In international accounting, the impairment-only approach to goodwill is under pressure anyway. Investors have been not very happy with this rule for quite some time. While theoretically sound, the impairment-only approach suffers from weak practical application: “too little, too late!”, so the usual complaints. In March 2020, The IASB has issued a discussion paper on “Business Combinations—Disclosures, Goodwill and Impairment”, targeting improvements to IFRS 3 Business Combinations and IAS 36 Impairments of Assets, to find a reasonable solution to the goodwill-accounting problem.

Many investors see the root to all problems in CFOs being unwilling to write-down goodwill positions and auditors being too weak (or too dependent) to counteract. Only if it can no longer be avoided at all, companies react – at least a little bit. And admittedly, we are also thinking a bit in this direction (see the blog post on general problems with impairments HERE,  and our comment specifically on the 23 bn USD General Electric Impairment last year, HERE). So, it is no big surprise that the proceeding in Q1/2020 – after the capital market correction and in the middle of the big discussion about impairment-only – will be under severe scrutiny by many observers, be it from the regulator side or from the investment side.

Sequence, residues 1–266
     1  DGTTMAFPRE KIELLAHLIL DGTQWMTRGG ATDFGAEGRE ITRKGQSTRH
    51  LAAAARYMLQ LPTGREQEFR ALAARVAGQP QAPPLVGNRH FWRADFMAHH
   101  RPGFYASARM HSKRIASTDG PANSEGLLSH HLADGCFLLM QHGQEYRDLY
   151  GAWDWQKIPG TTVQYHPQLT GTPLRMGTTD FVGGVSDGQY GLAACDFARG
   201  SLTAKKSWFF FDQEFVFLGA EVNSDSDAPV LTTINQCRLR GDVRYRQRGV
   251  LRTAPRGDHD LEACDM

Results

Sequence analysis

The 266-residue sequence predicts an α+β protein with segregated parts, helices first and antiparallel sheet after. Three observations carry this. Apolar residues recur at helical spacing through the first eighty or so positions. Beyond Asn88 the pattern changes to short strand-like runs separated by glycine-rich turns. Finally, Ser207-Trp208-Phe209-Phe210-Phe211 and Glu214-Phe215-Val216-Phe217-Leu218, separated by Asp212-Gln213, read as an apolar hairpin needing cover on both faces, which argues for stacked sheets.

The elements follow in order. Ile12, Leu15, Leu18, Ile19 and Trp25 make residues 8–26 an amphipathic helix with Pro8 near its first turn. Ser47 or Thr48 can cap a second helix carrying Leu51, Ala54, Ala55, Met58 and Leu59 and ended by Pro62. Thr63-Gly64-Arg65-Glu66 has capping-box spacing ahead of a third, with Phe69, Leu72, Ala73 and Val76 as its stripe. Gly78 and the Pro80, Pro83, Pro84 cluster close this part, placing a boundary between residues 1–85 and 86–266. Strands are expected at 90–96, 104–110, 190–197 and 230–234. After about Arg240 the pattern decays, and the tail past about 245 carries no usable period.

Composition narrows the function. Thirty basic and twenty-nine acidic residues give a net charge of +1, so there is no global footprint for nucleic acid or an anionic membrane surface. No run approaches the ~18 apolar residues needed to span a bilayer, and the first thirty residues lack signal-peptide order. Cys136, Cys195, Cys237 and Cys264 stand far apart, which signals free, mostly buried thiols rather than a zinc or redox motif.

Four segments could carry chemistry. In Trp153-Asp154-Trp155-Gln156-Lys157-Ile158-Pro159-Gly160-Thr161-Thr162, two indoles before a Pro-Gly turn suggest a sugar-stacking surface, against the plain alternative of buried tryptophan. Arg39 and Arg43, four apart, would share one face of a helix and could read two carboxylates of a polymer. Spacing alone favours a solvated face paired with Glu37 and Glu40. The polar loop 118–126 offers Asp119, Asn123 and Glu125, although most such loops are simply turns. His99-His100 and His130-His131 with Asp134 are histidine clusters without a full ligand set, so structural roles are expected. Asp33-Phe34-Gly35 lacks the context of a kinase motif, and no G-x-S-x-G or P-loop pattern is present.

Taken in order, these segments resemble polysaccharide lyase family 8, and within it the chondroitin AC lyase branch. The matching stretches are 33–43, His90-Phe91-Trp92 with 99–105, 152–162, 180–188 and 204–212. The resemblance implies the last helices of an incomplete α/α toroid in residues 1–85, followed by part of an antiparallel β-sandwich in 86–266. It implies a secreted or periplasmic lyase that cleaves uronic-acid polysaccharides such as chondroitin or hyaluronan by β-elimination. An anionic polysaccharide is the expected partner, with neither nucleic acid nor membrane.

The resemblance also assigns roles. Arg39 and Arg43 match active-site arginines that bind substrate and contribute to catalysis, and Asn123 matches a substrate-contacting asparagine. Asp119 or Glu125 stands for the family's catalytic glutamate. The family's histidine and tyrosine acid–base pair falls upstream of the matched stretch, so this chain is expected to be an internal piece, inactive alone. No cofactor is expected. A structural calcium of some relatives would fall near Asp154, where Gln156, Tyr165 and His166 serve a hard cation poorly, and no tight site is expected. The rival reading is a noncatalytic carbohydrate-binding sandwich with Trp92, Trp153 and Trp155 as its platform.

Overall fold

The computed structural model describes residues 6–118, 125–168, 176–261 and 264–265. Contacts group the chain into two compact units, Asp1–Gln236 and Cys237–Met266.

However, and this is not really funny, the starting point to the first big impairment season of the Coronavirus-crisis is already a very bad one – at least in Germany. While we agree that the concrete value of the equity premium is really difficult to determine and that our volatility adjustment technique is also not free from fragilities, it is for us very clear that the equity premium must have increased during the crisis (as compared to before). If everybody sees a massively increasing uncertainty about future cash flows then this uncertainty increase must flow directly into the equity premium. German auditors, in contrast, have already published a statement (and such statements are a strong indication of what is applied in practice by auditors), via the Institute of Public Auditors in Germany, about what they think is a reasonable consequence for the equity premium. And it is…Nothing! No change in the equity premium!

While we do not want to speculate here why members the Institute of Public Auditors in Germany have decided this way (while actually acknowledging that the valuation uncertainty has strongly increased), we can already anticipate what this statement means for Q1/20 goodwill impairments in Germany: too little! And perhaps with this disappointment it has also become too late! Too late for fixing the broken impairment-only approach. Trust in the quality of goodwill impairments will certainly not increase if we already massively disagree in such basic valuation parameters such as the equity premium.

Appendix

VSTOXX: Loglinear extrapolation without anchor (31 March 2020)

VSTOXX: Linear extrapolation (31 March 2020)